It seemed like social media giants Snap, Facebook and Twitter were invincible as digital advertising took off this year. But if we learned anything from the third-quarter earnings season so far, it’s that the party can’t last forever.
It wasn’t all bad news, and every company is dealing with its own set of challenges. Still, one thing was abundantly clear — the monster revenue growth at Facebook, Snap and Twitter over the past year or so took a worrisome downturn.
Third-quarter revenue rose year-over-year for all three major social media companies, but the growth rates were nowhere near levels seen in Q2. Snap reported revenue growth of a whopping 116% in the second quarter, but revenue grew only 57%, to $1.07 billion in Q3. The company had previously forecast that it expected Q3 revenue growth between 58% to 60%. Investors were disappointed, and the stock tanked more than 20% in the after-hours session following the results.
Twitter’s revenue rose 37% to $1.28 billion in Q3 compared with 74% year-over-year growth in Q2, and Facebook said revenue jumped just 35% last quarter versus 56% growth in Q2.
That’s not to say fewer consumers are using the social platforms. Daily Active Users (DAUs), a key industry metric, continued to rise in the third quarter for the three major social companies.
But as predicted last quarter, Apple’s iOS 14.5 update impacted social’s Q3 revenue far more than it did in Q2. Even though Facebook was the most vocal about the impending effect on social’s ad business, Snap felt the most pain.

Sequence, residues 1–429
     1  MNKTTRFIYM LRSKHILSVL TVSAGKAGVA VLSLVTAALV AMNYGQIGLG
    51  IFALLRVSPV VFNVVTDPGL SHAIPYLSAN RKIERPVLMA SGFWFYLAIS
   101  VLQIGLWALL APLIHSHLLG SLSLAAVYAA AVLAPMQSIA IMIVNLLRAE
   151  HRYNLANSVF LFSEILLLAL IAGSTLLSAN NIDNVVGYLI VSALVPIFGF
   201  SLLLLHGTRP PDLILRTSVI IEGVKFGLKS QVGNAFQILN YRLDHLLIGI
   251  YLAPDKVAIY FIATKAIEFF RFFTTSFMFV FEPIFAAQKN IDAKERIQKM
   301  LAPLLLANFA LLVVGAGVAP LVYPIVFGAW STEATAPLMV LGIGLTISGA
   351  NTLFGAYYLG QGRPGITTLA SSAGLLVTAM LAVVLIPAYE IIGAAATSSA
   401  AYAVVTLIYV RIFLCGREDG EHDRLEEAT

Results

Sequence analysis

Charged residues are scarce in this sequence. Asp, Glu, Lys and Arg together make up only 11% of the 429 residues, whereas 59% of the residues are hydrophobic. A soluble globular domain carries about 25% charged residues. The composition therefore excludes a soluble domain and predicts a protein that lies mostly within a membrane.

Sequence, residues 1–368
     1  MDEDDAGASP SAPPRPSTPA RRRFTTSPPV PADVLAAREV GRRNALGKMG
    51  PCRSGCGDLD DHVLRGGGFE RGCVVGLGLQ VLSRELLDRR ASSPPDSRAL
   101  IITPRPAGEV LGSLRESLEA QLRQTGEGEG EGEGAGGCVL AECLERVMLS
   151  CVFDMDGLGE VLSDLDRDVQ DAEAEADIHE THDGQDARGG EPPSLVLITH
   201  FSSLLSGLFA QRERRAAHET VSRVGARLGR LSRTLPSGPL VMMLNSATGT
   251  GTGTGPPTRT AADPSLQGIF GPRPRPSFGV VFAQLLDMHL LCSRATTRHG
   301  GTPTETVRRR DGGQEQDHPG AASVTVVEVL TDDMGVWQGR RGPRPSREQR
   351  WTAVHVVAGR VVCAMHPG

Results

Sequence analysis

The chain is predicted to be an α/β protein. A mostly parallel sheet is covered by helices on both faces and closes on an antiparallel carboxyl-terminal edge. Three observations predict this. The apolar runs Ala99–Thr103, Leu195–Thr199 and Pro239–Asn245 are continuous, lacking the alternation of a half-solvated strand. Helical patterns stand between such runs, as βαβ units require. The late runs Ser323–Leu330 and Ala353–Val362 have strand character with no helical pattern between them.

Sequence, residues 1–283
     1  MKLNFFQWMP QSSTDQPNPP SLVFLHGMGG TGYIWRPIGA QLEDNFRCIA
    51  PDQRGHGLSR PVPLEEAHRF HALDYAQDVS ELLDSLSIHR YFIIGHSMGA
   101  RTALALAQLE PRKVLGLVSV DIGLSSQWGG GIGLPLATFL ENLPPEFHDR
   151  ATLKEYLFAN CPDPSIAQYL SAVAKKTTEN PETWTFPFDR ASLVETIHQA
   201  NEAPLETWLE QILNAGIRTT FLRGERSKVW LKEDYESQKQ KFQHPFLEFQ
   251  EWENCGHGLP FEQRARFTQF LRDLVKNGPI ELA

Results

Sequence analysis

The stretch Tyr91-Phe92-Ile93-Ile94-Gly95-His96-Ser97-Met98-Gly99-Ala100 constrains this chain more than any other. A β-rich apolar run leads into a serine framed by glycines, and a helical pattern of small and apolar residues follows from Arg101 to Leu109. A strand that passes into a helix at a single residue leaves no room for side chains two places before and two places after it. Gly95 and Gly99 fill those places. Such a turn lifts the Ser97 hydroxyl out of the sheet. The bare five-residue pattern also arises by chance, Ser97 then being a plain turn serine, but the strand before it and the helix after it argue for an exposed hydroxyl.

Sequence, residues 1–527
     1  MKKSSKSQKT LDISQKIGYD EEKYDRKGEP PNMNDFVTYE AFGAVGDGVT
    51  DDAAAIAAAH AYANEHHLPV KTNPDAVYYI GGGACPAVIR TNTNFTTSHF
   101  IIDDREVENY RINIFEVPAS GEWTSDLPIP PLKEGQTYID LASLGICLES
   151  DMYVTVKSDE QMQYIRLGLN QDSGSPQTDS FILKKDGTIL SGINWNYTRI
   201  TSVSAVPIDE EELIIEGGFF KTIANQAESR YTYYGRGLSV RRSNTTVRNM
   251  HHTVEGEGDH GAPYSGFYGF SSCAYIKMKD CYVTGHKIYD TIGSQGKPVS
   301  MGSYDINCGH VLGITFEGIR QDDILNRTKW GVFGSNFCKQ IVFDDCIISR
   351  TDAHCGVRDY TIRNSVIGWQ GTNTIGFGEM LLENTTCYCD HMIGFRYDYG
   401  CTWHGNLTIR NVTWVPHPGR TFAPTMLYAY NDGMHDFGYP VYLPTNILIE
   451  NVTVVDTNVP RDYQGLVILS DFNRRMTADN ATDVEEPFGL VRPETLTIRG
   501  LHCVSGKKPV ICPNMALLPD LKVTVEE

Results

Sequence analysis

“Our advertising business was disrupted by changes to iOS ad tracking that were broadly rolled out by Apple in June and July,” Snap CEO Evan Spiegel said on the company’s Q3 earnings conference call on Oct. 21. “While we anticipated some degree of business disruption, the new Apple-provided measurement solution did not scale as we had expected, making it more difficult for our advertising partners to measure and manage their ad campaigns for iOS.”
Apple’s software update aims to provide more transparency to users as privacy concerns are at all-time highs. However, the increased transparency doesn’t bode well for tech companies that rely on targeted advertising to reach consumers.
Facebook warned that the impact from Apple’s update will continue to cause uncertainty and will be a headwind in Q4 for the company. The social company has a plethora of other major concerns on its plate, and thus its financials have been playing an even more important role in convincing investors of its value.
Meanwhile, Twitter saw the least impact from the iOS update, as its advertising is primarily driven by brand ads. CFO Ned Segal noted on the Q3 earnings conference call on Oct. 26 that it was too early to assess the long-term impact of the Apple update, but the impact on its Q3 revenue was lower than expected. He also said Twitter would likely see a modest impact in Q4.
Though challenges caused by the Apple software update were largely expected in Q3, the sharp decline in revenue growth still came as a shock to investors. There is still so much uncertainty, and that is putting an immense amount of pressure on the tech companies to rush to figure out a way to navigate the roadblock.
On the bright side, this software update could actually be a blessing in disguise for social media companies in the long term. It has strengthened the argument that they need to diversify their businesses and revenue streams in order to continue to thrive in a quickly evolving tech landscape. Take Facebook, or Meta, for example. The company changed its name Thursday and is attempting to grow its business beyond just social media.
Nevertheless, in the near term, there will need to be substantial proof that Snap, Facebook and Twitter are managing the software update much better than they have, and all eyes will be on meeting and exceeding Q4 revenue targets.